An image of the Gateway Arch, pre-renovation.

An image of the Gateway Arch, pre-renovation.

St. Louis, MO  – April 1, 2014

SPACE Architecture + Design has been hired by the nation’s largest fast food chain to renovate and expand St. Louis’ monumental Gateway Arch.

“It’s still a little hush-hush,” said SPACE Captain Tom Niemeier, “but let’s just say we’re going to double the size of the existing Arch and paint it a stunning yellow-gold. Also, a crap-ton of yellow neon will be a prominent design feature.” The renovation will feature a new burger-themed museum, a diorama of the company’s cuddly burger-shilling characters, a restaurant, and up to 30 conveniently-placed defibrillator stations.

The new leg of the Arch will be located to the north of the existing Eero Saarinen-designed masterpiece. (“Saarinen, Schmaarinen,” Niemeier said. “He was such a short-sighted chump anyway. We’ll fix it for him.”) Both arches will be fitted with rocket-ship shaped clown-themed elevator cars that include televisions advertising the chain’s deep-fried “chicken” chunks and crappy meals for the tots. Sources say the fast food magnate – who, incidentally, has cornered the market on red hair dye and lipstick – acquired the riverfront property during some behind-the-scenes negotiations during the Arch grounds renovation project.

An unnamed executive from the fast food corporation revealed, “We made a generous donation to the grounds renovation. They threw in the Arch for free if we spiffed up the place a little. Said we could do whatever we wanted. We think middle America is a great spot to have our company’s largest sign. Robble robble. Wait, take out that last bit.” The burger peddler’s market research confirmed that SPACE employees were overwhelmingly the largest consumers of their products in the St. Louis area, so it made sense for the international corporation to hire them. And they design a lot of restaurants, so that was going for them as well. “Holy crap, those guys can put away some burgers, and you better stay the hell outta their way when it’s [rib-flavored sandwich] season,” a big gelatinous purple guy in IT said while stuffing his gargantuan face hole with french fries.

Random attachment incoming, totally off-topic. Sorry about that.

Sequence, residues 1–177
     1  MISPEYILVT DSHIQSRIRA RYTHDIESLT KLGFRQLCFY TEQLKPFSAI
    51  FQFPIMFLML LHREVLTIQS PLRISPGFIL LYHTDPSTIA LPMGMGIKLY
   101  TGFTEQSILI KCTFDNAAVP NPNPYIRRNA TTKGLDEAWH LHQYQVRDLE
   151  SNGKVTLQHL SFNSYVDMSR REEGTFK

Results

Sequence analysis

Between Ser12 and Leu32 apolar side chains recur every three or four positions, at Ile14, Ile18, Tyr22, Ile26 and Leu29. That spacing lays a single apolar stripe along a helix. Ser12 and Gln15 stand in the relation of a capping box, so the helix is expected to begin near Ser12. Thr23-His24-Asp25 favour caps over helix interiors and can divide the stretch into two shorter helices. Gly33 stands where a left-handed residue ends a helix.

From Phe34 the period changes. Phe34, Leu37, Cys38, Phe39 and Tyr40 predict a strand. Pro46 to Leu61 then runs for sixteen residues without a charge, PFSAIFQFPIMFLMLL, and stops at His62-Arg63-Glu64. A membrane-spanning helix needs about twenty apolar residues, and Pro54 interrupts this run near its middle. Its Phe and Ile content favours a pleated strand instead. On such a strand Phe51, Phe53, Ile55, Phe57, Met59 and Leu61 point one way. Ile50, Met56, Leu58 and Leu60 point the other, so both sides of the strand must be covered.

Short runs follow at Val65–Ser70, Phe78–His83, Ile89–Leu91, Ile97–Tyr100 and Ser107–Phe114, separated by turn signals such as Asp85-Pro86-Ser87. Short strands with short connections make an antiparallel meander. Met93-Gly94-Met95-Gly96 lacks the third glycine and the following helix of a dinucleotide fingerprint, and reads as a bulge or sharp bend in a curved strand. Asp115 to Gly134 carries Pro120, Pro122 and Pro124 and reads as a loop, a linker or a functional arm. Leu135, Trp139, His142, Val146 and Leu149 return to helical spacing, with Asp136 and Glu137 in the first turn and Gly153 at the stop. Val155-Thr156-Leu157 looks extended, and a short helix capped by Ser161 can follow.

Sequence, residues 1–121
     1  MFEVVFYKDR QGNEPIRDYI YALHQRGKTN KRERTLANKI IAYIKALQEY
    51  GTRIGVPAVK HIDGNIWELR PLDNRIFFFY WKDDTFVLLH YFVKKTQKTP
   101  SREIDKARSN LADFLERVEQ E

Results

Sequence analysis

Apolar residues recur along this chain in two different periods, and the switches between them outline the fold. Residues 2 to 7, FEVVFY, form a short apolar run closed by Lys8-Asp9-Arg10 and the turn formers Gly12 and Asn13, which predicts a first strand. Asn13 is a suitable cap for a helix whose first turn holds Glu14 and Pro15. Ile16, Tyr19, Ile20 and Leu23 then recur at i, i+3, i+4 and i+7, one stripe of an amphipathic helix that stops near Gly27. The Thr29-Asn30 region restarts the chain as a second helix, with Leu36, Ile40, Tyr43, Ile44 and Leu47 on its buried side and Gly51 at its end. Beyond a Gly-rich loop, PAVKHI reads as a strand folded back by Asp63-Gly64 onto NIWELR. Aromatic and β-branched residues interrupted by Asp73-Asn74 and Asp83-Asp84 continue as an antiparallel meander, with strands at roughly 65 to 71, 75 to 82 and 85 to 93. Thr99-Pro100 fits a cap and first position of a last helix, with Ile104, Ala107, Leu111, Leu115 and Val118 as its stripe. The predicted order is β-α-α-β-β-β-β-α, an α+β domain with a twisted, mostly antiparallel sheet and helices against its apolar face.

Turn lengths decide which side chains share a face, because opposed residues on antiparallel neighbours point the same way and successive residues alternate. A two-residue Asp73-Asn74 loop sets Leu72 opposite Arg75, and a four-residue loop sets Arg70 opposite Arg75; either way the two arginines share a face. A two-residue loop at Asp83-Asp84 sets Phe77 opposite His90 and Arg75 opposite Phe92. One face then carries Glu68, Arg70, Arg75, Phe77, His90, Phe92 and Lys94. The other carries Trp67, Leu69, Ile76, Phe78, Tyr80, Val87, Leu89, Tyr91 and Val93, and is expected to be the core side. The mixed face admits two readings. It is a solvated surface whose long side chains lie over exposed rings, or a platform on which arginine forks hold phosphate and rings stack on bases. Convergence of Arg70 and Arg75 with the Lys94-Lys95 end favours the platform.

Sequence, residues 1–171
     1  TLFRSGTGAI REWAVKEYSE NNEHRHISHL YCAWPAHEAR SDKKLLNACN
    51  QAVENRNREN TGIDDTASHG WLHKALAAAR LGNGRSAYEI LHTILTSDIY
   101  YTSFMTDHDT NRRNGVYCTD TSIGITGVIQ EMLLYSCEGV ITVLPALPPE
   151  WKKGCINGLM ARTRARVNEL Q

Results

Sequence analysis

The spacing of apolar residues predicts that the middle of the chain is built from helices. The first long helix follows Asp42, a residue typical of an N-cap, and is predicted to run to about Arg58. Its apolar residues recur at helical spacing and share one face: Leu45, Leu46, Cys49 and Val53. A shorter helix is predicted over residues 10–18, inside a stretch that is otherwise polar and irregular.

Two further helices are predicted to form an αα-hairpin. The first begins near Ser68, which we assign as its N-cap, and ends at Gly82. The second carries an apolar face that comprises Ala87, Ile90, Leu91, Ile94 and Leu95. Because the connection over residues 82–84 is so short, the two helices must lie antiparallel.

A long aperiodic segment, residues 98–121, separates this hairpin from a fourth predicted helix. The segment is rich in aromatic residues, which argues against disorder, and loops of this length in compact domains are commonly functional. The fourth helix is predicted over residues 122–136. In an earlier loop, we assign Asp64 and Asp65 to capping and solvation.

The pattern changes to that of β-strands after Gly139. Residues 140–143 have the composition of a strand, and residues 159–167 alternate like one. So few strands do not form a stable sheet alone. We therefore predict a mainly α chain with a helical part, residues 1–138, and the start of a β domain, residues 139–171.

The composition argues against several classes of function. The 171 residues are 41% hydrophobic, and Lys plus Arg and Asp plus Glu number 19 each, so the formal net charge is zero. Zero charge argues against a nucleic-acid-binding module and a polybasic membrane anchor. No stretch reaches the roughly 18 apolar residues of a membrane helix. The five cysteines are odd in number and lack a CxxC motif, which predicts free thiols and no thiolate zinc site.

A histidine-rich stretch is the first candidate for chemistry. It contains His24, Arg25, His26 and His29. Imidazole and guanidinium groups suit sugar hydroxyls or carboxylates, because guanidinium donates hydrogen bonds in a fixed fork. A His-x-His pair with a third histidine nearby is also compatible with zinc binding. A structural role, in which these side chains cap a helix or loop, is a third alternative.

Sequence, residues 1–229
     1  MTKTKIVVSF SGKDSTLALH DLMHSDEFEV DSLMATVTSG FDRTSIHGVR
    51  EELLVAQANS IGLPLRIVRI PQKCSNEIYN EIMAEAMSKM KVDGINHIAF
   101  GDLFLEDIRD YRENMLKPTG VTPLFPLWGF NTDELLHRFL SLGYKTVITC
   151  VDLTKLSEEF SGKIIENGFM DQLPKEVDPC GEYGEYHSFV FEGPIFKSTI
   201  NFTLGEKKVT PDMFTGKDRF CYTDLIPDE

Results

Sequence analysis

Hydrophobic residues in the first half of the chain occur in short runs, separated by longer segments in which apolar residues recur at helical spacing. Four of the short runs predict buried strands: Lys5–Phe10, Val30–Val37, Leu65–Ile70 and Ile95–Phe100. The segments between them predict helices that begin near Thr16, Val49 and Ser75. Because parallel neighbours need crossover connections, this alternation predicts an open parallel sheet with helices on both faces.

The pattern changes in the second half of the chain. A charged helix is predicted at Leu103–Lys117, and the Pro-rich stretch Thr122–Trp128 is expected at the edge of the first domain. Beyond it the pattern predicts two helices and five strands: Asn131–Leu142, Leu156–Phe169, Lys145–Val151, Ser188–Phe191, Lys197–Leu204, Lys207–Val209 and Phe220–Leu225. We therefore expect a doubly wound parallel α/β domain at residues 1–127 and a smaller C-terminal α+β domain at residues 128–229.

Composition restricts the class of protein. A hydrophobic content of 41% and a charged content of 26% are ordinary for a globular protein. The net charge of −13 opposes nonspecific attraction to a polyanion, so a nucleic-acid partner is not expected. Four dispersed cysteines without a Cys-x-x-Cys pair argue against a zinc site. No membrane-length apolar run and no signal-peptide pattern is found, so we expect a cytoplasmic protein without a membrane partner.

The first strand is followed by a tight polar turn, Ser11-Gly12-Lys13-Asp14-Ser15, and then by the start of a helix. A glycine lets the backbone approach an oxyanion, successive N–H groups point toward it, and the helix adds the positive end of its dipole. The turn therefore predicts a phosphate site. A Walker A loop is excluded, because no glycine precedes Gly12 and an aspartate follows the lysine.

When asked about abandoning SPACE’s commitment to supporting local businesses and thoughtful urban planning, outspoken urbanist and architectural designer Jeremy Clagett said it was nothing more than “image and branding,” and something about St. Louis being a “third-rate city anyway.” He then proceeded to tear down Manchester in his brand-new Tesla.

“Selling out feels good,” said Niemeier as he rolled around on a 4-foot-tall pile of $100 bills in the firm’s parking lot. “I think we made the right decision.”


Happy April Fool’s Day.